Leeton, New South Wales

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Leeton
New South Wales
Leeton War Memorial.jpg
Leeton War Memorial
Leeton is located in New South Wales
Leeton
Leeton
Coordinates 34°34′0″S 146°24′0″E / 34.56667°S 146.40000°E / -34.56667; 146.40000Coordinates: 34°34′0″S 146°24′0″E / 34.56667°S 146.40000°E / -34.56667; 146.40000
Population 6,733 (2011)[1]
Established 2 April 1913
Postcode(s) 2705
Elevation 138.3 m (454 ft)
Location
LGA(s) Leeton Shire
County Cooper
Parish Willimbong
State electorate(s) Murrumbidgee
Federal Division(s) Riverina
Mean max temp Mean min temp Annual rainfall
23.0 °C
73 °F
10.3 °C
51 °F
432.0 mm
17 in

Leeton is a town in the Riverina region of New South Wales, Australia. Leeton is situated approximately 550 km west of Sydney and 450 km north of Melbourne in the productive Murrumbidgee Irrigation Area.[2] Leeton is administered by Leeton Shire Council. Leeton's urban population in 2011 was 6,733[1] and as of 2001, Leeton ranked as the 19th fastest growing local government area in New South Wales. Leeton is situated in one of the most productive farming regions in the state, with citrus, rice, grapes and wheat farms found throughout the Leeton Shire. Leeton is Australia's Rice Capital as it is home to the SunRice headquarters.[3] Other industry includes Freedom Foods, Berri Juices, Riverina Beef and Murrumbidgee Irrigation.

Leeton is renowned as The Heart of SunRice Country.[4]

Leeton holds a number of town landmarks, including the Roxy Theatre, War Memorial, Madonna Place, St Peter's Church, and the historic Hydro Motor Inn which are located in the centre of town. Leeton's areas are also based around large towers that store the town's water and provide a striking feature of each section of town.

Leeton is a purpose-built town designed by Walter Burley Griffin after the irrigation schemes were announced by the New South Wales Government in the early 1900s[2][5] The town has a unique[citation needed] circular road structure and streetscape. Leeton has distinct commercial, administrative, industrial, residential, educational, health, recreational and cultural areas and remains very organised today.[5] The unique design of Leeton (and nearby Griffith) is still considered a practical method of planning even though Leeton was founded over 90 years ago.[citation needed]

Leeton Shire Council is responsible for keeping the town neat and tidy. The town's appearance is comparable to that of coastal communities rather than one found in central New South Wales.[citation needed] Leeton's relatively recent history provides the town with a more modern appearance. In 2007 Leeton was the New South Wales overall state winner for tidiest town.[citation needed]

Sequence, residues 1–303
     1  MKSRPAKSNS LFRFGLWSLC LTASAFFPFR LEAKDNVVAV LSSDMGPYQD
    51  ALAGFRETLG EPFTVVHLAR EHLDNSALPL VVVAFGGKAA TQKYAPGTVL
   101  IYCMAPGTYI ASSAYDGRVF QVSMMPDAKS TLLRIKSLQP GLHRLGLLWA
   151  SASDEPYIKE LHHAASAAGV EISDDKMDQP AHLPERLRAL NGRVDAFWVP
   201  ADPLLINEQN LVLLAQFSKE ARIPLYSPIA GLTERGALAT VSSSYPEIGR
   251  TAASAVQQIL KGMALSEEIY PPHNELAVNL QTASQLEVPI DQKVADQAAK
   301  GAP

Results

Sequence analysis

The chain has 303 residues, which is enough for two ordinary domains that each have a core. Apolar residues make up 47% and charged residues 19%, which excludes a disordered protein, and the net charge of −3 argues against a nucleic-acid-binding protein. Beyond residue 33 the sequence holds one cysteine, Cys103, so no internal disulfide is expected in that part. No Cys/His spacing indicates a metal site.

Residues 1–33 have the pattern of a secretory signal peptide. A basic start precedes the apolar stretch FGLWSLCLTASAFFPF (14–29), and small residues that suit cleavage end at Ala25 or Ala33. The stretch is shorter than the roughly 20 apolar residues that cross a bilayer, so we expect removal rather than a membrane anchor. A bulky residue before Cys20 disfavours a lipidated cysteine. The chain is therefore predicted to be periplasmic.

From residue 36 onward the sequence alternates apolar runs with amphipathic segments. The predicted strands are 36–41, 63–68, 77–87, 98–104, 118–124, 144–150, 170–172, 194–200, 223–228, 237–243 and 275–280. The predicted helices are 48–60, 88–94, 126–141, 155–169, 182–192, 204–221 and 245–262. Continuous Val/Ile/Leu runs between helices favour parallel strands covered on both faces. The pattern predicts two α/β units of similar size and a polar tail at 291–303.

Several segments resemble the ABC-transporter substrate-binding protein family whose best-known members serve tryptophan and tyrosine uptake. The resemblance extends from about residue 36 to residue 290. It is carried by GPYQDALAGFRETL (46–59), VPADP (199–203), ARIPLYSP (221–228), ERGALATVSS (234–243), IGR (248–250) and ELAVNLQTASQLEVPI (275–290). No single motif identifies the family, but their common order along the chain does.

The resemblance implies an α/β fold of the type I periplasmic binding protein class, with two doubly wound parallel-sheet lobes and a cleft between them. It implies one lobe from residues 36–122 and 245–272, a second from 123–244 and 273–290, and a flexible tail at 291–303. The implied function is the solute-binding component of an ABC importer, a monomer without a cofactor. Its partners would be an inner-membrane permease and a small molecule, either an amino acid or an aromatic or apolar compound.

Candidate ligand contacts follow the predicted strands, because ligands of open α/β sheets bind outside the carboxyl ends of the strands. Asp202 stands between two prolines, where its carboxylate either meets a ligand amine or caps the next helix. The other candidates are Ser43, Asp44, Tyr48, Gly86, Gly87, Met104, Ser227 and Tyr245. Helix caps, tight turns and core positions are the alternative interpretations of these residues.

History[edit]

Burley Griffin Water Towers

The town is named after Charles Alfred Lee, a Minister for Public Works in New South Wales from 1904 to 1910.[6][7]

In 1912 a water tower was built to supply water to the then tent town.[8] Leeton Post Office opened on 6 September 1912.[9]

In 1913 when the Water Conservation and Irrigation Commission of New South Wales was formed Leeton was only a canvas town, the only houses being those built on farms by settlers and houses for its officers by the Commission.[10] On 3 April 1913 the first block of land was sold in the town. During 1913 a kurrajong tree which became known as the Pioneers' Tree, was planted as a feature in Kurrajong Avenue, and a butter factory was established in the town.[11]

In 1914 World War I broke out; of the town's population of 2000 people, 200 men were serving in the armed forces making it difficult to maintain the plantings in the irrigation area. During 1914 and 1915 an abattoirs and canning factory were established in the town.[11]

In August 1913 Walter Burley Griffin visited the town to complete its design.[8][12]

Historic Hydro

In 1919 the Hydro Hotel was constructed for Water Conservation and Irrigation Commission executives to stay whilst in Leeton but was not licensed to sell alcohol until 1924 when the alcohol prohibition in the Murrumbidgee Irrigation Area was lifted.[13]

During 1920 the Water Conservation and Irrigation Commission of New South Wales began to pressure the Government for relief for being responsible for providing civic and local government services with the Commission stating "revenue which comes mainly from rents and water charges, having remained unchanged, is insufficient to cover the cost of local government services now that the weekly wage is more than double the figure paid when the settlement started".[14] The Commission chose and appointed an Advisory Board which was made up of pioneer farmers which already had been in operation in the Yanco area since 1913. In June 1925 the Commission released its annual report stating that a Royal Commission recommended setting up of local government bodies within the Murrumbidgee Irrigation Area but no date had been decided.[14]

On 1 January 1928 the Willimbong Shire was formed with the name "Willimbong" being retained until 19 July 1946 when it was renamed to the Leeton Shire.[15]

Roxy Theatre

In 1929 the Roxy Theatre was built on a large vacant block of land on the corner of Wade and Pine Avenue and was completed and opened in April 1930.[16]